# "I know that language - that's Java. No? It's Perl?" [duplicate]

## Introduction

A known fact is that Jon Skeet can code Perl and make it look like Java. In this challenge you will try to do something similar.

## Challenge

Write a piece of code of any length that can be executed without any errors/exceptions in two different languages. Your program can take inputs, give outputs, whatever it wants.

The code has to be executed with interpreters/compilers of your choice one after another (with basic settings, means you are not allowed to adjust the compiler/interpreter settings).

Note that the source code and any used sources (files, libs and so on) are not allowed to change during the execution of the script with the compilers/interpreters.

## But which languages are "different"?

Two languages are different from each other if they are not the same language without looking at the version. Example: Python 3.5 is not different to Python 2.7.

## Scoring

The final score consists out of several aspects:

• charScore: Take your code and then (max charScore is 95)...

1. Look at every function and delete all arguments (in echo "Hello" "Hello" counts as an argument). So now only keywords and functions count. Example: System.out.println(1+1); becomes System.out.println();
2. Make all strings to empty strings and all regex and literals empty. Example: "khffshiufahk" becomes "" and all regex (without string) gets deleted.
3. Delete all comments. Example: //Jon Skeet would also do this becomes [nothing] _Definition of "comment": _ Anything that doesn't change the execution of the program (So you could simply leave them out and nothing would change).
4. Delete all characters that are not unicode 32-126. Example: print(2²) becomes print(2)
5. Count only the occurrences of the letters. Example: hiiiiiii-thhheeeree has the same score as hi-there (means score of 8)

Here is a StackSnippet to do step 3 and 4 for you (report me if there is a bug):

function calcScore() {
var onlyValidChars = "";
var code = document.getElementById("code").value;
for (i = 0; i < code.length; i++) {
if (code[i].charCodeAt(0)>=32 && code[i].charCodeAt(0)<=126) { //step 3
if (onlyValidChars.indexOf(code[i]) === -1) { //step 4
onlyValidChars += code[i];
}
}
}
return onlyValidChars.length;
}
function showCalcScore() {
}
<body>
<textarea placeholder="Insert your code here." id="code"></textarea>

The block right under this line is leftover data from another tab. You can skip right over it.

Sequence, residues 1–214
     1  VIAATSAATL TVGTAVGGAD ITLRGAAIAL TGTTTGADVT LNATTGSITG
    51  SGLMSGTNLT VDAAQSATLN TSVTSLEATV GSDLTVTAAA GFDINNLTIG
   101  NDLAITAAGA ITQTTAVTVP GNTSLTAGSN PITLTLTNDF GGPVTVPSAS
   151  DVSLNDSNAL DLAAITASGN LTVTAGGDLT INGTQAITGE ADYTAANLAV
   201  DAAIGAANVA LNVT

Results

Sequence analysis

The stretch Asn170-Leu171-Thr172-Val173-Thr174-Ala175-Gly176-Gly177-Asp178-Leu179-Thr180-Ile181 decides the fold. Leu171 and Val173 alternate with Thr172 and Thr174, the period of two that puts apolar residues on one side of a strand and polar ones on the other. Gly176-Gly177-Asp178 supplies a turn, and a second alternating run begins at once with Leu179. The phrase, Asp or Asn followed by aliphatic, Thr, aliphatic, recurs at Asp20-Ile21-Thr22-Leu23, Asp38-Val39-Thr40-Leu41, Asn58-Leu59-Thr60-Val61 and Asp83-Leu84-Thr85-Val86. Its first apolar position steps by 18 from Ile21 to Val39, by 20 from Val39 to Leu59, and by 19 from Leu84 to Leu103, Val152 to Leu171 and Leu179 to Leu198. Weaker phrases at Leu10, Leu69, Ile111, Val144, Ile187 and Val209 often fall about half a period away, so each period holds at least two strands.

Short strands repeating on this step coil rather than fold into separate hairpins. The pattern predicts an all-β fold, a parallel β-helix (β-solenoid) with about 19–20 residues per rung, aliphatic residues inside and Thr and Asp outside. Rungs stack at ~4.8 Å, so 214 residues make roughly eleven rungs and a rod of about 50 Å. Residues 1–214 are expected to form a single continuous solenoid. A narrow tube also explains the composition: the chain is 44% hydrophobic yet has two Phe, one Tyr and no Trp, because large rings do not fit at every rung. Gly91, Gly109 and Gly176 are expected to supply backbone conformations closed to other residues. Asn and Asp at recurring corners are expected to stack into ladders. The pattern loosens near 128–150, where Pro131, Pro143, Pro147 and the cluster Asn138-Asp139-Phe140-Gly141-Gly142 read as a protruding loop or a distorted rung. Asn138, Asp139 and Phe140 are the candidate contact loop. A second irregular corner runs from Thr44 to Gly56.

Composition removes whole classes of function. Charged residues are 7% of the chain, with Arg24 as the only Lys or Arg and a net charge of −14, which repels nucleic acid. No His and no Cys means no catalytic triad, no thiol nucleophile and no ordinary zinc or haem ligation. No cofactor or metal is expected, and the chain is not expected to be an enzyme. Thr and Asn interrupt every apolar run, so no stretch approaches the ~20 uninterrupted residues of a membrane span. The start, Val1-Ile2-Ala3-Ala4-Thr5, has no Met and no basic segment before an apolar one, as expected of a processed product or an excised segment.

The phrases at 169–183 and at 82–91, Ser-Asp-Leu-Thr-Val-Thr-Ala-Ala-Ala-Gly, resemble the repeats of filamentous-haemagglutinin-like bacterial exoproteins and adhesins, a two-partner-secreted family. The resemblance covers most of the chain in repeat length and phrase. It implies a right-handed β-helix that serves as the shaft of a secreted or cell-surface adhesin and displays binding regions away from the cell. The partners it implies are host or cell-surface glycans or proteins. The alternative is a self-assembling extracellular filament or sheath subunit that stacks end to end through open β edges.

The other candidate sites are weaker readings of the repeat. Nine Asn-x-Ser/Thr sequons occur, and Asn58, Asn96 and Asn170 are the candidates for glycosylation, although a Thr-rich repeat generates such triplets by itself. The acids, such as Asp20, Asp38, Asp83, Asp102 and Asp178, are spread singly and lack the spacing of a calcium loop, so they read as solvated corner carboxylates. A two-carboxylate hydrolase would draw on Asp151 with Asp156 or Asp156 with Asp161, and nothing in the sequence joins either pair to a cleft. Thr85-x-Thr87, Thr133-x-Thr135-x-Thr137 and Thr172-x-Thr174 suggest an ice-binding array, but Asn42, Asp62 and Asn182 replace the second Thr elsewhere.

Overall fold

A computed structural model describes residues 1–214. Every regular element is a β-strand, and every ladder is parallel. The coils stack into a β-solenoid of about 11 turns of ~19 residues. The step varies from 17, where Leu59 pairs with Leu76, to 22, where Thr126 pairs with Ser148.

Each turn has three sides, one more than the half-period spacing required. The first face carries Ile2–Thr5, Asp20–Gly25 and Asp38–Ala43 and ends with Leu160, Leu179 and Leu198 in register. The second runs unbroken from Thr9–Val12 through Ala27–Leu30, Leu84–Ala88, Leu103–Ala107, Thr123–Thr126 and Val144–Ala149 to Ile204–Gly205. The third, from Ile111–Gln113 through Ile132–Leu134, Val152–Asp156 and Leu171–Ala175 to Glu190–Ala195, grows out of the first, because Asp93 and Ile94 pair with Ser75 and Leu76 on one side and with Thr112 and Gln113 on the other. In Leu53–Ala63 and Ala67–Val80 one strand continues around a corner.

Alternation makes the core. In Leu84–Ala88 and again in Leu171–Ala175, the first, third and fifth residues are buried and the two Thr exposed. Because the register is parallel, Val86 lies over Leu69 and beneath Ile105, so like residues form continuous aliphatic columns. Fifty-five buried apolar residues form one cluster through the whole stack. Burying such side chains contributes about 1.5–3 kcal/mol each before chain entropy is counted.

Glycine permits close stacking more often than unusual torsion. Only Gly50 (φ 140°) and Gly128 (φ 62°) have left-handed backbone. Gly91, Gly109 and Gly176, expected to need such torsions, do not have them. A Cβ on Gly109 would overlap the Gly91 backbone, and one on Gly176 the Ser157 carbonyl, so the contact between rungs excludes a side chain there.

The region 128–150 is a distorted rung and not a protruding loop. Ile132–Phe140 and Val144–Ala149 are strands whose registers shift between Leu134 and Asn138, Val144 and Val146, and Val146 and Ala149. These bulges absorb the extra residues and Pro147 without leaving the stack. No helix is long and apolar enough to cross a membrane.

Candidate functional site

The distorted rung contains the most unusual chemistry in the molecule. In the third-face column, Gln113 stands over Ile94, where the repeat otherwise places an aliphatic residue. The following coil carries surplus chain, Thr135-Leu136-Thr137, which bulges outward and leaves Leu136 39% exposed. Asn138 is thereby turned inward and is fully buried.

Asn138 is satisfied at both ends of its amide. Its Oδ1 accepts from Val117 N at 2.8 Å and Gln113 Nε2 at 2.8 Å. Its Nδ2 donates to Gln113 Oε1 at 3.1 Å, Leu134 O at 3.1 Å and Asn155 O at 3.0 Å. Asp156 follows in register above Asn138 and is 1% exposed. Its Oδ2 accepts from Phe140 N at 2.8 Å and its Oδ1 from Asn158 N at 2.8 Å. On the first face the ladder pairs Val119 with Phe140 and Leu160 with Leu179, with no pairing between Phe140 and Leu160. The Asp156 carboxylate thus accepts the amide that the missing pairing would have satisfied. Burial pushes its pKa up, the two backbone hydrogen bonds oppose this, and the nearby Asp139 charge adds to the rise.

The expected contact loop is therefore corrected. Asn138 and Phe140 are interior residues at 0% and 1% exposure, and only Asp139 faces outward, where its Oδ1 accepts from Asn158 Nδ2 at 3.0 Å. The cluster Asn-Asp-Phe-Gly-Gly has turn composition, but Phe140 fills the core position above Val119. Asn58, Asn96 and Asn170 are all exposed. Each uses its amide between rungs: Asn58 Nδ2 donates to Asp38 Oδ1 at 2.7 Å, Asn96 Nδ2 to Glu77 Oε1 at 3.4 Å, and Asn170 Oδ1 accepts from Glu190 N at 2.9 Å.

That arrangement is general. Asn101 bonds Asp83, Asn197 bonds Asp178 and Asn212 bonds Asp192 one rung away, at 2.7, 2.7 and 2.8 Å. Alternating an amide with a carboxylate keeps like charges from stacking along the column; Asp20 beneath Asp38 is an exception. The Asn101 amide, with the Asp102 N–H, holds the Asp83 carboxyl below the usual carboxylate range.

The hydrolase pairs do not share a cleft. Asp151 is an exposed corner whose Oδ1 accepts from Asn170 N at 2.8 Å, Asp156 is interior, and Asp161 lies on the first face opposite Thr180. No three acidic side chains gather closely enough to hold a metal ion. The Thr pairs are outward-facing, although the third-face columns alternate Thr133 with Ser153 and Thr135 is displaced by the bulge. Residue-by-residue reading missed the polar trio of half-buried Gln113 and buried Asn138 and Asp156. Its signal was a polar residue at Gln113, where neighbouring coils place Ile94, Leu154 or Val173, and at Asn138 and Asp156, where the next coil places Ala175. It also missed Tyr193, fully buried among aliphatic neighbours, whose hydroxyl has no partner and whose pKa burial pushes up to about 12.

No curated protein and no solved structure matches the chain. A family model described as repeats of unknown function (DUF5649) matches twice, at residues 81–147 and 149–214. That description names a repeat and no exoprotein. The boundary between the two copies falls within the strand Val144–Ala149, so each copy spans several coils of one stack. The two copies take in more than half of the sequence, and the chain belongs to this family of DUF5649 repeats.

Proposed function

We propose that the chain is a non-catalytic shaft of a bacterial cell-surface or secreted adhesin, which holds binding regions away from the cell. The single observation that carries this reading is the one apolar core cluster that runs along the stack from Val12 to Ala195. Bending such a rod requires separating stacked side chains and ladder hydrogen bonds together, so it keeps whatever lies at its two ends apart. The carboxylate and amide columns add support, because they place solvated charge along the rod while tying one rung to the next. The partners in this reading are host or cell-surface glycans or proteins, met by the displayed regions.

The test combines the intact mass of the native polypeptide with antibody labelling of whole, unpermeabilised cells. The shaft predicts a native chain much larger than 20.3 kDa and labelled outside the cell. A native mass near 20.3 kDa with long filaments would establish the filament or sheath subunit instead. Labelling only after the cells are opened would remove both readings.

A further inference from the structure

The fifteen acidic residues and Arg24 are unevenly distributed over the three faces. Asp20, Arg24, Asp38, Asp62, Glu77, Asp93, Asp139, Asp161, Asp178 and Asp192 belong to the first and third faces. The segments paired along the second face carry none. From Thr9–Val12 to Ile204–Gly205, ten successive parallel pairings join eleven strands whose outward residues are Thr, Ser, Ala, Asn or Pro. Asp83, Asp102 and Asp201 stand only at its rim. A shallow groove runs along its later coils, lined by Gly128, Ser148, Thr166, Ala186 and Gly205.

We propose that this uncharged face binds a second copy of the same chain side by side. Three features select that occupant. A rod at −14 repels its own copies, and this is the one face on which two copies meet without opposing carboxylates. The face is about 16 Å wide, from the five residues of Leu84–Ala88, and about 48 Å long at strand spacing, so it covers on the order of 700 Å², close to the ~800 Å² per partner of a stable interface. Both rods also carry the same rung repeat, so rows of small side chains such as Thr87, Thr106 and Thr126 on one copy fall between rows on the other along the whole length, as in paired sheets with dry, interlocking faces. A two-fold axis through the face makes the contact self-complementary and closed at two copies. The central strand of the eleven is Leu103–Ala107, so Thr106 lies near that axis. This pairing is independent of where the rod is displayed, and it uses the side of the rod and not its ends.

<br>
<button type="button" onclick="showCalcScore();">calculate score</button>
</body>

• +20 if your code is still executable in both languages now (after the charScore-changes)

• +50 if running the code with the different interpreters does different things (eg order change, prints other things etc)
• +15 if your languages are Perl and Java

The answer with the highest score wins.

EDIT: I don't think that this is a duplicate (but very releated) because it has no "different language" limits and no score. On the other hand, I didn't know about so-called "polyglot"-code so maybe I am wrong.

• This is my first question on this site. If anything is unclear feel free to ask or edit. (I'm not sure if everything is clear in this challenge.) Jan 30, 2016 at 20:07
• What tags should I use for this question? Jan 30, 2016 at 20:07
• @Mego It it very releated but not the same I think. Jan 30, 2016 at 20:10
• The polyglot tag applies, and I would also recommend looking over existing polyglot challenges if you haven't already done so. Jan 30, 2016 at 20:13
• Also, Pyth and Python 3 are very different. One is specifically designed for golfing, and the other isn't. Pyth was originally derived from python, but now is its own language. Jan 30, 2016 at 20:24

## PHP + Lenguage, 165

Scoring calculation: 95 + 20 + 50.

 !"#\$%&'()*+,-./0123456789:;<=>?@ABCDEFGHIJKLMNOPQRSTUVWXYZ[\]^_abcdefghijklmnopqrstuvwxyz{|}~


In PHP, this outputs the string verbatim (since there is no <?` to signal for the preprocessor functionality).

In Lenguage, this is an infinite loop.

The charScore changes do not affect the program, as it consists of all 95 printable ASCII characters once, so it is eligible for the +20 bonus.

• Pig does not seem to fulfill the requirements of a valid programming language. Jan 30, 2016 at 21:05
• @PhiNotPi This has been rectified (s/Pig/Lenguage/). Jan 30, 2016 at 21:24
• I guess it's a lucky coincidence that lenguage program #95 is an infinite loop. Jan 30, 2016 at 21:32
• @PhiNotPi Not really. Anything that doesn't output that string would have worked anyway. Jan 30, 2016 at 21:41